Fish Habitat Award

Fish Habitat Writing Award

Created alongside the National Fish Habitat Partnership to raise awareness of the importance of protecting, restoring and enhancing fish habitat and aquatic communities.

The Fish Habitat Award will be given to the top contestants that best answer the question “Why do you think it is important to protect our lakes, rivers, estuaries, and coastlines? in their creative writing.


Creative writing must answer the question “Why do you think it is important to protect our lakes, rivers, estuaries, and coastlines?”


Creative writing entries can come in a wide variety of styles students may choose to submit an essay, story, interview, journal entry, or magazine article. Writing must be no longer than one side of 1 page. 


Prizes will be awarded to the 1st, 2nd, and 3rd place award winners in four age categories: K-3, 4-6, 7-9 and 10-12.

Prizes include:

  • Fish Habitat Award Certificate
  • NFHP Poster
  • Rep Your Waters Hat

What is Fish Habitat and Why is it Important?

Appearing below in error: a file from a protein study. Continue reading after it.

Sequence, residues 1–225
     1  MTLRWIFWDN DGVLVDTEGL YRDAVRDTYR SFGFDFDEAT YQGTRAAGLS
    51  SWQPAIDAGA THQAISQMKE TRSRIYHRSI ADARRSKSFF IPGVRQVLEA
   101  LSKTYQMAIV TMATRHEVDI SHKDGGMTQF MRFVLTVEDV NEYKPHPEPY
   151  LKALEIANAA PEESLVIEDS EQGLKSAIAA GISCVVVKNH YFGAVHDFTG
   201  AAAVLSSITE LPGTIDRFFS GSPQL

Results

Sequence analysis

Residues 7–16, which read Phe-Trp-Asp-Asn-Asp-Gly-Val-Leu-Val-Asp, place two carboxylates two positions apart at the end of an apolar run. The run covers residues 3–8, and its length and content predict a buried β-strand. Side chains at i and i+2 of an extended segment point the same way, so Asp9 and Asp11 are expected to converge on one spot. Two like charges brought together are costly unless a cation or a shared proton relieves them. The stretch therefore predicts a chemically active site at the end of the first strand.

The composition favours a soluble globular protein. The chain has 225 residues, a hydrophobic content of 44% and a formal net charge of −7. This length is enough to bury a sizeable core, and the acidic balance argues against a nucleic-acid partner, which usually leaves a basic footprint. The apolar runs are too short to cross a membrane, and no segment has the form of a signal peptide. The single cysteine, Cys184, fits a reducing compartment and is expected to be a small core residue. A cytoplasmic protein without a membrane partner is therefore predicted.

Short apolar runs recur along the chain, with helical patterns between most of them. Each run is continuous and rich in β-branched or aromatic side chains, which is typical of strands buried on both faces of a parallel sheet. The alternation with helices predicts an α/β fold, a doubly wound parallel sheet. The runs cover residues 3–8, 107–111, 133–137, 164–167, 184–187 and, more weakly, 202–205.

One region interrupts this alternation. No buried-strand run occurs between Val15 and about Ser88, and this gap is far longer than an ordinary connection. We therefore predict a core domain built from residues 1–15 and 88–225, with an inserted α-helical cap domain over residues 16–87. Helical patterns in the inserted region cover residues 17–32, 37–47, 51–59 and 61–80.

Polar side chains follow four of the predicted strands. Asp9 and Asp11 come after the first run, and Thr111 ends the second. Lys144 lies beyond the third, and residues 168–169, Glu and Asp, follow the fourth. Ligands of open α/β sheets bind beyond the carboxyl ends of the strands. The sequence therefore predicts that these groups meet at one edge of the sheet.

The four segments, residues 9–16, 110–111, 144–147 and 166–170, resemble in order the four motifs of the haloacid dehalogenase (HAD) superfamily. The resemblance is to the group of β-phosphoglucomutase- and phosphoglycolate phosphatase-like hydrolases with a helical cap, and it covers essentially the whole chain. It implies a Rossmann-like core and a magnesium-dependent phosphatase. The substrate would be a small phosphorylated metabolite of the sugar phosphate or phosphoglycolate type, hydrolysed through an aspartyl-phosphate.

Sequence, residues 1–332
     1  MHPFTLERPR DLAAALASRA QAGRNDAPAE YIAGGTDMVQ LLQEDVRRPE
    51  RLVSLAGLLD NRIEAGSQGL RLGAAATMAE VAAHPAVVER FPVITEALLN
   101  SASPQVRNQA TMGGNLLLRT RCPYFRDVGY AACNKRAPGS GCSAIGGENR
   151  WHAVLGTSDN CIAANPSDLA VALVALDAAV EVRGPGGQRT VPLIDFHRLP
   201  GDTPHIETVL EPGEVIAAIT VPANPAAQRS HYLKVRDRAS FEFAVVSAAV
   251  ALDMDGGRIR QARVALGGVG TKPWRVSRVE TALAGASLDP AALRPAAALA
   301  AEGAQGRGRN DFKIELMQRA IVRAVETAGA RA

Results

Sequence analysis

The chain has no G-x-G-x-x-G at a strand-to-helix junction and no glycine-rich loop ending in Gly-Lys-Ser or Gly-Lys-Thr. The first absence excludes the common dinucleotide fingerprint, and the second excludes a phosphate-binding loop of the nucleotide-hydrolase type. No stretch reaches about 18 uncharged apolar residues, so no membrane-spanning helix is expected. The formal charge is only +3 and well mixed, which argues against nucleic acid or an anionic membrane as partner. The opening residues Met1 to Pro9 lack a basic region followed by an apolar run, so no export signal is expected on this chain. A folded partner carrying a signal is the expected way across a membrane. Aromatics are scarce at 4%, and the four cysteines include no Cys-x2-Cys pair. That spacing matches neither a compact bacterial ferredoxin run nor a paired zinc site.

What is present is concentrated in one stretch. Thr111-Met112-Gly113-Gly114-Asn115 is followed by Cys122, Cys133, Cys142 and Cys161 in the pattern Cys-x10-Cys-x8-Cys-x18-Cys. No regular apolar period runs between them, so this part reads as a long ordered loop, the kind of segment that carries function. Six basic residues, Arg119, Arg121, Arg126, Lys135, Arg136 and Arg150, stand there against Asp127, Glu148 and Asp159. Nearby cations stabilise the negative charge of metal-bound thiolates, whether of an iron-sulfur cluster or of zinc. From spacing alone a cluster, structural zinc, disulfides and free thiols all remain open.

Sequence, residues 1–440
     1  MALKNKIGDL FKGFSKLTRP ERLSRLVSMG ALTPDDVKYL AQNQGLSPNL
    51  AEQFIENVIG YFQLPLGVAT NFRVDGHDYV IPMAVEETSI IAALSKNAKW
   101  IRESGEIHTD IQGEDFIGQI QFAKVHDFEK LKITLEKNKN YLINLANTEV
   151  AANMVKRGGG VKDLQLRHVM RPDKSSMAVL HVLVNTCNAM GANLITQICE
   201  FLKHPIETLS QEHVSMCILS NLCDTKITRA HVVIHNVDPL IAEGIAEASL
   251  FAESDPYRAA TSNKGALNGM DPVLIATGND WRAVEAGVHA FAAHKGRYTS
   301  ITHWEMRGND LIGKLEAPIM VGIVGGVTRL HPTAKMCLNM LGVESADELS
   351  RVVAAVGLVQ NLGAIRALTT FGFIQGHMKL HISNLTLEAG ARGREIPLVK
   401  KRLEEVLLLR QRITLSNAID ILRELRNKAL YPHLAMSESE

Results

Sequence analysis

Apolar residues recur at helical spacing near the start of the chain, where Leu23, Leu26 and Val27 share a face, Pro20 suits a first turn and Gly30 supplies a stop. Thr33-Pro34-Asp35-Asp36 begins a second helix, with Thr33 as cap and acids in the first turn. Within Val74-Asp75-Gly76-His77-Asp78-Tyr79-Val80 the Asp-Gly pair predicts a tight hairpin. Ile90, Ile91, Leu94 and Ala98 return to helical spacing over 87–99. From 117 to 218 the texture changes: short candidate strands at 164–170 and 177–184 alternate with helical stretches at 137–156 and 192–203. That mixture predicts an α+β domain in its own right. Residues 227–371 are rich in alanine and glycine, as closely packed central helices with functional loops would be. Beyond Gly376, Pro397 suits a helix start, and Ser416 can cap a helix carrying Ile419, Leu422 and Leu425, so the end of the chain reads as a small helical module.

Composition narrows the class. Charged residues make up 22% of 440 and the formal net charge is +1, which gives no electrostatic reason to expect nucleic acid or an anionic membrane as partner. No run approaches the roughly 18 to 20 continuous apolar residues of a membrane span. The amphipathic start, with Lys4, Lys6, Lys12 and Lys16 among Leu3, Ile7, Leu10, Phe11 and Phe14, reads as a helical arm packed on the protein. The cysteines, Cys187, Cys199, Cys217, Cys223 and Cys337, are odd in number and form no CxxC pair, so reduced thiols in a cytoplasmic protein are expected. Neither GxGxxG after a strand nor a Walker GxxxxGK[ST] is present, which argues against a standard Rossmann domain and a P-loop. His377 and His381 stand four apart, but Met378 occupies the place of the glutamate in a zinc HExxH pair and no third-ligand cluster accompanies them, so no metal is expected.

Fish habitat is where fish spawn, breed, feed and grow to maturity. Different species of fish are adapted to live in different habitats including: rocky shores, coral reefs, kelp forests, rivers, lakes,  and even the deep sea!

Healthy fish habitat is an essential part of maintaining fish populations.  


Learn More about the National Fish Habitat Partnership

The National Fish Habitat Action Plan is an unprecedented attempt to address and unseen crisis for fish nationwide: loss and degradation of their watery homes.


The mission of the National Fish Habitat Partnership is to protect, restore and enhance the nation’s fish and aquatic communities through partnerships that foster fish habitat conservation and improve the quality of life for the American people.

The National Fish Habitat Partnership is made up of 20 (local, regionally-based, or species-based) partnerships that implement the National Fish Habitat Action Plan.  These partnerships are composed of local and regional community groups, non-profit organizations, watershed groups, Native American tribes, local, state and federal agencies, and individuals.  Examples of conservation actions include planting stream-side vegetation important to sustaining the health of riparian and aquatic plants and animals, protecting and restoring fish passage and other voluntary measures that help avoid and minimize negative effects that could result from industrial and agriculture practices and livestock.


Learn more –